We ven­ture to Mon­treal to see how Ubisoft is go­ing about cre­at­ing a cult clas­sic.

PlayStation Official Magazine (UK) - - CONTENTS -

We’re look­ing down on Fall’s End (pop­u­la­tion: 35) from its wa­ter tower. At first glance, it’s the sort of un­re­mark­able town that no­body would think twice about. The streets aren’t empty, though, they’re crawl­ing with mem­bers of the Project At Eden’s Gate, grab­bing some peo­ple and lin­ing oth­ers up for ex­e­cu­tion in the street. They run this town. But how did it get to this point?

We’ll worry about that later. Right now, our cus­tomis­able hero and his dog chum Boomer are in the mood for lib­er­a­tion. We grab the sniper ri­fle and start tag­ging the ene­mies by hov­er­ing our retic­ule over them. There’s a church di­rectly in front of us, with a bar, houses, and a few stores to the left. We de­cide to crack a shot at one cultist, who’s near the lo­cal wa­ter­ing hole. But in­stead of tak­ing full ad­van­tage of the al­ti­tude, we use a zi­pline to slide down to just out­side the holy house, spraying cult mem­bers with our SMG on the way. When we hit the ground, we watch Boomer tear at the throat of one un­lucky fel­low. That’ll de­serve a treat later.

There are more cultists to take care of first; they start to pour from the di­rec­tion of the bar. But, un­for­tu­nately for them, there’s a gas tanker be­tween us. We lob a stick of dy­na­mite at it and the re­sult­ing ex­plo­sion can prob­a­bly be heard across the state. It also means Fall’s End is free – for now – from the clutches of the cultists.


To find out how Far Cry 5’s vil­lains came to be, we’re off to Ubisoft Mon­treal to meet sev­eral key mem­bers of the team work­ing hard to cre­ate a be­liev­able cult. Their ef­forts are giving birth to the Project At Eden’s Gate. This new threat is a dooms­day cult which be­lieves that the end is nigh and, in its own twisted way, is try­ing to save hu­man­ity from it­self.

In a pre­sen­ta­tion with cre­ative di­rec­tor Dan Hay, he de­scribes how new big bad Joseph “The Fa­ther” Seed sees him­self as Noah, pre­par­ing the ark be­fore the end ar­rives. But Seed isn’t a kooky cliché. He has a fam­ily be­hind him – older brother Ja­cob, younger sib­lings John and Faith – who are help­ing to en­sure that Hope County fol­lows in The Fa­ther’s foot­steps. They also be­lieve that the first sign of the apoc­a­lypse is the au­thor­i­ties try­ing to take Seed away.

Nat­u­rally, the start of Far Cry 5’s story sees your rookie deputy caught in the mid­dle of an at­tempt to bring Joseph Seed to jus­tice on kid­nap­ping charges. Your char­ac­ter is just do­ing their job, but to the mem­bers of the Project At Eden’s Gate, this is the be­gin­ning of the end. Some­thing hap­pens that trig­gers a lock­down and strands you in Hope County, hav­ing to con­front and de­feat the Seed fam­ily.

But how did the team go about mak­ing the Project At Eden’s Gate be­liev­able? Hay tells us: “I think, do­ing our home­work. We go to Mon­tana, we have our sto­ries, we can smell the air, we can drink the wa­ter, and then com­ing back and talk­ing to real ex­perts, peo­ple who have been in cults or de­pro­grammed peo­ple.” This re­search led the team to Rick Ross, a man well-versed in the in­sid­i­ous na­ture of cults, and founder of the Cult Ed­u­ca­tion In­sti­tute. He tells OPM: “The team at Ubisoft had ideas, and what they wanted to do was find out, are these ideas that we have grounded in re­al­ity… Do they res­onate his­tor­i­cally? And what I found was not only that they did, I gave them ex­am­ples and con­tex­tu­alised them.” Ross is clear that Far Cry 5’s cult isn’t based on any spe­cific group and that in­spi­ra­tion is com­ing from many dif­fer­ent sources. He men­tions a few, in­clud­ing Colo­nia Dig­nidad, which was led by Paul Schae­fer in a large, well-armed com­pound in Chile, as well as the cult Ra­jneesh­pu­ram. That was a group which man­aged to change the name of the town of An­te­lope, Ore­gon to Ra­jneesh for a short pe­riod in the 1980s and, more im­por­tantly, com­mit­ted the first bioter­ror­ism act in US his­tory, when the mem­bers poi­soned 751 peo­ple with sal­mo­nella by con­tam­i­nat­ing res­tau­rants.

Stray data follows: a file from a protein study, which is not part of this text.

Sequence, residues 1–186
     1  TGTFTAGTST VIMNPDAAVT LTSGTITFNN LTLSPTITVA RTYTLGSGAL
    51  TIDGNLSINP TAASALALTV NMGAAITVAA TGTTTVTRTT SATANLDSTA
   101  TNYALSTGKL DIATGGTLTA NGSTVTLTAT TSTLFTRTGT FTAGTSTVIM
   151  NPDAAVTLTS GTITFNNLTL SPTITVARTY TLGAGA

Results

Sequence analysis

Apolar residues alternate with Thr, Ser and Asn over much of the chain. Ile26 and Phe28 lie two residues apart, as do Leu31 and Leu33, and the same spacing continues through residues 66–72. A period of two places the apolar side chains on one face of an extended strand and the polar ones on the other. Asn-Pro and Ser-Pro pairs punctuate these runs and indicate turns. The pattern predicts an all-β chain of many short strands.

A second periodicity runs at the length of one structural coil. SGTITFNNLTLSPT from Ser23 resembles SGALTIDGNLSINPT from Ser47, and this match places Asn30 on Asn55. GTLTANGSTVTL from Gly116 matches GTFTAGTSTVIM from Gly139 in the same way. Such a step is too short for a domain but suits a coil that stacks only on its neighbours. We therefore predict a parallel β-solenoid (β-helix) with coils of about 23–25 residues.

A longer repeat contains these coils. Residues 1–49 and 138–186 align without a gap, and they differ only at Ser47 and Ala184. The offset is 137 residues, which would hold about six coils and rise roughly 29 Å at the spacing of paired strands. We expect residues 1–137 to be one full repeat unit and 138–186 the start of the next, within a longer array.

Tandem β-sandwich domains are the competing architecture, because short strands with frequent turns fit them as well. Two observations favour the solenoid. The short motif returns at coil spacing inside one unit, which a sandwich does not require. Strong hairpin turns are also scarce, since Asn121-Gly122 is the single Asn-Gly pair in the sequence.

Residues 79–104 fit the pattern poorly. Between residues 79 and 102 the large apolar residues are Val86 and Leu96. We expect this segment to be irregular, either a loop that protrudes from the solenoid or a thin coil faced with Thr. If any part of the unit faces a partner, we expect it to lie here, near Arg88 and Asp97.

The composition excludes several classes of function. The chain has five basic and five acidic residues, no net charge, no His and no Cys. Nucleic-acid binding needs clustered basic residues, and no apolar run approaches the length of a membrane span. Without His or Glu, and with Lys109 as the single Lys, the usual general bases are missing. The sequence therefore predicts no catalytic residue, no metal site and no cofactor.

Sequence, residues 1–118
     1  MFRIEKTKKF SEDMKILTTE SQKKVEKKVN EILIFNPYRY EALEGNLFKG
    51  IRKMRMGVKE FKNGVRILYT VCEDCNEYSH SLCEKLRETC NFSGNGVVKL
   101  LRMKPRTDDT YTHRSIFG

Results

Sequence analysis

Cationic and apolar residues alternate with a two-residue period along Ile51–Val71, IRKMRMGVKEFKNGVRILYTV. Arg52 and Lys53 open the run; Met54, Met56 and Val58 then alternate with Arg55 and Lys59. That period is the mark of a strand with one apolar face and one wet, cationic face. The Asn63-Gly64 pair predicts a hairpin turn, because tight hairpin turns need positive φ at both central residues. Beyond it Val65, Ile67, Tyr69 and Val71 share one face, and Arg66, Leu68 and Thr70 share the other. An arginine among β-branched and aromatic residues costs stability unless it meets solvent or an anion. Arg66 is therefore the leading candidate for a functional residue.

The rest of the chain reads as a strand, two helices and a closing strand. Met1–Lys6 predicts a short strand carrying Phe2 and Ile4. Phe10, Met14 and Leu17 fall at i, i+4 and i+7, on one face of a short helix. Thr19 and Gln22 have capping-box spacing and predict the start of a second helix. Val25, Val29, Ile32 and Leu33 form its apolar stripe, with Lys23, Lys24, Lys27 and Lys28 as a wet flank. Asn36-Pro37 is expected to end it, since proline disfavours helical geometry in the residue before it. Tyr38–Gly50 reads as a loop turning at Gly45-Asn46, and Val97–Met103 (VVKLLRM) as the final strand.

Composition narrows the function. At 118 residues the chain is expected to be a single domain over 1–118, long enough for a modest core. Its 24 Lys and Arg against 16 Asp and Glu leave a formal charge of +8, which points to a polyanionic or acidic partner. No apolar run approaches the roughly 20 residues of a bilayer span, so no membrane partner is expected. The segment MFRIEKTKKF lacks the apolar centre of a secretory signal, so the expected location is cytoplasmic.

It’s also fair to say the idea of a cult tak­ing over a town or an area isn’t con­signed to his­tory. Ross ex­plains: “I can think of towns in the United States that are dis­pro­por­tion­ately pop­u­lated by the mem­bers of a sin­gle group or a group that dom­i­nates a


sec­tion of a down­town area through its real es­tate hold­ings. I mean, this is go­ing on right now in the US, there are com­pounds and there are very po­lit­i­cally well-con­nected groups, groups that have a great deal of power.”


But there was an­other as­pect in get­ting you to be­lieve in the Project At Eden’s Gate: the ac­tor who’d play Joseph Seed. Get­ting the right per­son for the role was paramount for Hay. “When The Fa­ther sits down in front of you and ex­plains what he’s do­ing, you find him charm­ing and com­pelling and out there, it be­comes be­liev­able,” he ex­plains.

The man bring­ing this charisma to Seed is Cana­dian ac­tor Greg Bryk. While he might not be a house­hold name (al­though fans of Net­flix show The Ex­panse might recog­nise him), his au­di­tion left Hay floored. “I said to my­self: I would ab­so­lutely join that guy’s cult. And it took five min­utes.” Here’s hop­ing we’ll be a less re­cep­tive to his charms or it’ll be a short game.